By: Nina Wilson, Illinois Court Help Guide, Access to Justice Division
Other states increasingly recognize Illinois courts for their champion efforts to increase access to justice, particularly for self-represented litigants (SRLs) in civil cases. To this end, the Illinois Supreme Court chartered a Commission on Access to Justice (Commission) in 2012, and the Court’s administrative arm continues to expand programming and staff support for the Commission. Recently, staff advised a special committee of the Florida State Bar Association on best practices to create access to justice resources in their state. Some key points included the following:
Illinois has a healthy ecosystem of legal aid organizations. The Commission sees no need to reinvent the representation wheel but supports nonprofit partners in meeting different communities’ representation needs. For example, in 2021, it provided grant funding to Land of Lincoln Legal Aid, the largest nonprofit provider of civil legal services in rural southern Illinois. The grant enabled Land of Lincoln to establish a Remote Appearance Pilot Project in conjunction with the First Judicial Circuit, meaning attorneys can now appear—remotely—in multiple court proceedings, in multiple First Circuit counties, within the same day. This allows more low-income litigants to access attorneys because the attorneys do not have to funnel extensive resources simply into travel between the geographically diverse counties.
While the Remote Appearance Pilot Project expands access to traditional representation, most of the Commission’s attorney access programs exist at the crossroads of self-help and legal advice. For instance, in 2018, the Commission funded a small grants program that allowed the 22nd Judicial Circuit of Illinois to establish a successful early resolution program for divorces. The ERP empowered SRLs with no children to prove-up uncontested cases within a single day. Attorneys from the legal aid nonprofit Prairie State Legal Services reviewed the litigants’ settlement agreements to ensure all issues were resolved and the case was ready for prove up. That ERP continues to operate, and the Commission has funded other jurisdictions to adopt similar ERP models, including for couples with children.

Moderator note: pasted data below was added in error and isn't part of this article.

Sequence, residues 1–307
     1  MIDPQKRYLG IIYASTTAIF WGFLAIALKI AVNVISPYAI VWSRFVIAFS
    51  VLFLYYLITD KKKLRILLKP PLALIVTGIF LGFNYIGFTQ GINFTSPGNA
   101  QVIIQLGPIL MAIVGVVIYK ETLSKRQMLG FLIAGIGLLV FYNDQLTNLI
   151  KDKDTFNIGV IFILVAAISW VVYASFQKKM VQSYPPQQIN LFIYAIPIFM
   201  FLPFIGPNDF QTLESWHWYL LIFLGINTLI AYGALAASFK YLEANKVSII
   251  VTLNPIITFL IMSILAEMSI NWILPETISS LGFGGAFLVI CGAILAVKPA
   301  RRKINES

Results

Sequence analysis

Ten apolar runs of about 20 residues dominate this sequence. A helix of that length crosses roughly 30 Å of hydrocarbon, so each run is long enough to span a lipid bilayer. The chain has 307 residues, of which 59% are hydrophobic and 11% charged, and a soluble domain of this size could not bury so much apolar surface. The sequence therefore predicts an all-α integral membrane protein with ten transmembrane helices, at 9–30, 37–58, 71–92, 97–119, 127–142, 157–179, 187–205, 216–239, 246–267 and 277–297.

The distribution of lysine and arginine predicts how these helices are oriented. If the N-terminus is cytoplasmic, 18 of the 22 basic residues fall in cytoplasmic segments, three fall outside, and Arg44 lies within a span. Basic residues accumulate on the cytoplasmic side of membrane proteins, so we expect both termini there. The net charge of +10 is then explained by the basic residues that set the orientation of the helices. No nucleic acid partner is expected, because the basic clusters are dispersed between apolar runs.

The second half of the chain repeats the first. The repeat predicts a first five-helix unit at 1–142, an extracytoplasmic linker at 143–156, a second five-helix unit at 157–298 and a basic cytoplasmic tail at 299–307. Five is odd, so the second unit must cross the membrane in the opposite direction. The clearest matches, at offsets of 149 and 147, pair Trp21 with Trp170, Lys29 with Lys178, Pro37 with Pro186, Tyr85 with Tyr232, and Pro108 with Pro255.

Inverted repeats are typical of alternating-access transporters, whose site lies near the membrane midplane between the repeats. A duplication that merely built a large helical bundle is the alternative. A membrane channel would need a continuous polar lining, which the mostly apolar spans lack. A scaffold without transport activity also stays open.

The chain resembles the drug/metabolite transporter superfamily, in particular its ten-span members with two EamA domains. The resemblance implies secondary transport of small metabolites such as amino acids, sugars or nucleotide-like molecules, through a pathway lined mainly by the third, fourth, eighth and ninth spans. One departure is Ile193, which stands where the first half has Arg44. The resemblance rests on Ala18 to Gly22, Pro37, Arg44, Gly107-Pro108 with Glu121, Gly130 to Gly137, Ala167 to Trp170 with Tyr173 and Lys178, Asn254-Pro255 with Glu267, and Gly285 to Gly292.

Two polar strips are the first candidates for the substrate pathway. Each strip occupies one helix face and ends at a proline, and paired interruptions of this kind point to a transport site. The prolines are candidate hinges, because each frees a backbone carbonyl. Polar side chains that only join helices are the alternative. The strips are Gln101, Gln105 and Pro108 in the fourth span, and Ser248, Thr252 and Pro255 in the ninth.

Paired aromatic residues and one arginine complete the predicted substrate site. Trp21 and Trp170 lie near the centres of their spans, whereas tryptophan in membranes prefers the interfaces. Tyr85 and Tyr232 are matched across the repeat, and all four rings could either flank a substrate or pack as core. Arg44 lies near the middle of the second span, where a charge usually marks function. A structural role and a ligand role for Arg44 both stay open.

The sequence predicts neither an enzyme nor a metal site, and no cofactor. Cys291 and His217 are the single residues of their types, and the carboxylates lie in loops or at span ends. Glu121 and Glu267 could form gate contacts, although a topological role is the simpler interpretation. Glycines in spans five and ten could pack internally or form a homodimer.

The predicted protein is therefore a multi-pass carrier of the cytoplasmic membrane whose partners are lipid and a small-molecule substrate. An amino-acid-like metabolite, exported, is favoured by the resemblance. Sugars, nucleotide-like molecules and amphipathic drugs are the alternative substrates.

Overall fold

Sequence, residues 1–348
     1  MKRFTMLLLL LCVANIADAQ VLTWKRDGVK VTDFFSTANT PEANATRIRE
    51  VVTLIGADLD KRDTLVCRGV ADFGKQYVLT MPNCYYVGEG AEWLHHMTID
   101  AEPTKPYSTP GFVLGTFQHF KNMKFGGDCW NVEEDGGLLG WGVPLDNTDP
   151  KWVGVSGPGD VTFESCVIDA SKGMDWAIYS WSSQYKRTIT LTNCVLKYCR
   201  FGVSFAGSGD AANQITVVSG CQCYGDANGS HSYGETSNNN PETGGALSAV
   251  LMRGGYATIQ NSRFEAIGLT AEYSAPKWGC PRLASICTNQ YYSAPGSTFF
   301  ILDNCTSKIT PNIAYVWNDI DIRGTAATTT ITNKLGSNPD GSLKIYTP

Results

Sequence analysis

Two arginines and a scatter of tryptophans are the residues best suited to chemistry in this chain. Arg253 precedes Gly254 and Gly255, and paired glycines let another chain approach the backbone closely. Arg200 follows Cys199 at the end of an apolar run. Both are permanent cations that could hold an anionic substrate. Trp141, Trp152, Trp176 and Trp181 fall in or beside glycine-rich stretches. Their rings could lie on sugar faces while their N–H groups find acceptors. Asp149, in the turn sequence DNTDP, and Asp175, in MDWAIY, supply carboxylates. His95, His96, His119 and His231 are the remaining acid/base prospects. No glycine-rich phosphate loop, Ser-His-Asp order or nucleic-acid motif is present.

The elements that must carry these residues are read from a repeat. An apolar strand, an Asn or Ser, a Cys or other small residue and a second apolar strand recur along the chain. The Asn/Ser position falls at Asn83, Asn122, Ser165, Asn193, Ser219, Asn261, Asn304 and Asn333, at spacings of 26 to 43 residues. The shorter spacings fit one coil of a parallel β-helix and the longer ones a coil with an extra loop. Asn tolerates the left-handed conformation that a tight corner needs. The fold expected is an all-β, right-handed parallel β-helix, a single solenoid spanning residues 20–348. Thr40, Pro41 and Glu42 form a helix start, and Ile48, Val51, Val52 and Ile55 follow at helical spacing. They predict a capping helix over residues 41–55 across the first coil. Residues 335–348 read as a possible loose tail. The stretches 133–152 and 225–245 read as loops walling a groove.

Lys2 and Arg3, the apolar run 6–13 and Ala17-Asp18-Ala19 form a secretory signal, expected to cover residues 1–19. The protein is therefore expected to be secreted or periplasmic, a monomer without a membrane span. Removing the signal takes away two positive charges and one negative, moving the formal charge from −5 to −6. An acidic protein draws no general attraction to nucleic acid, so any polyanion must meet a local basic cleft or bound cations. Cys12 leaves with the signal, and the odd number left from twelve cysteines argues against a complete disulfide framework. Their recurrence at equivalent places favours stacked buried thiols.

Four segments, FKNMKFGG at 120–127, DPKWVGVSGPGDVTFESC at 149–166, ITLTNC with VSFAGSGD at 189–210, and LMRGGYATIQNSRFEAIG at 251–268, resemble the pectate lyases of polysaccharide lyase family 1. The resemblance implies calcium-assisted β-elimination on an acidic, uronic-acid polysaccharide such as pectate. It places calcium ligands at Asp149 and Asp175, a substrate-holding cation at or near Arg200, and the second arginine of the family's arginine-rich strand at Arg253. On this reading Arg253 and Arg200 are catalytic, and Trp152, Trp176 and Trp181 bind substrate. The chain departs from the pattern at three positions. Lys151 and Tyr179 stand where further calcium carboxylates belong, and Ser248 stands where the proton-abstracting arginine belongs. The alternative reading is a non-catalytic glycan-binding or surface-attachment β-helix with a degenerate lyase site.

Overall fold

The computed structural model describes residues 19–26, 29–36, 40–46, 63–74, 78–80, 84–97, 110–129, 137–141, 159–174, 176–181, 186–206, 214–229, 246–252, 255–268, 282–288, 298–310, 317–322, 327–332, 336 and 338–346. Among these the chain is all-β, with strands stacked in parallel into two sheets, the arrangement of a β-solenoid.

The Commission recognizes that there is simply not enough legal aid and pro bono attorneys to allow everyone to have an attorney in their civil cases. This means that other court staff and partners are needed as human resources to assist SRLs. The Commission coordinates a Court Navigator Network to connect designated SRL point persons in courthouses statewide. Commission staff train the Network to view the Court’s Safe Harbor Policy as an opportunity; they encourage them to provide legal information to SRLs (as delineated from the unauthorized practice of law). While a court representative may review an SRL’s court form for completeness, for example, they may not share their opinion on the legal merit of any claims or counsel the SRL on what to write. Nonetheless, SRLs frequently comment that Network members are extremely helpful. Such a simple, friendly message as “You are the plaintiff. You can write your name here” goes a long way.
Additionally, in 2021, the Commission launched the groundbreaking Illinois Court Help program, an entirely remote, statewide help center that operates directly under the auspices of the Illinois Supreme Court. Staff members are known as Court Guides: specially trained staff who share legal information, procedural guidance, and other in-depth court knowledge with SRLs via phone, SMS texting, and email using a cloud-based customer support platform. They also occasionally engage with SRLs through videoconference or mail, depending on specific user needs. All services comply with the Safe Harbor Policy.
Standardized Court Forms
Commission staff furthermore administer a standardized court forms program established by Illinois Supreme Court Rule 10-101. These forms empower SRLs to prosecute and defend common types of civil court cases, including divorces, evictions, and small claims cases. Staff also maintain a smaller library of standardized forms for civil appeals, such as a standardized notice of appeal form. Each court form comes as part of a “suite” that includes a comprehensive how-to guide (for instance, “How to Get a Divorce with Children”). The form publication process involves extensive subcommittee and committee reviews by subject-matter experts, as well as user testing and public comment. The Commission is currently looking to build out its forms library to include other common legal topics, such as parental responsibilities and guardianship, and it has also hired a consultant to assist in the redesign of form suites in the interest of simplicity and increased usability.
The Commission is proud to share its leading access to justice initiatives with other states to ensure that all vulnerable litigants nationwide can meaningfully engage with the courts. We encourage interested counterparts to reach out to AccessToJustice@illinoiscourgs.gov to set up a knowledge-sharing session.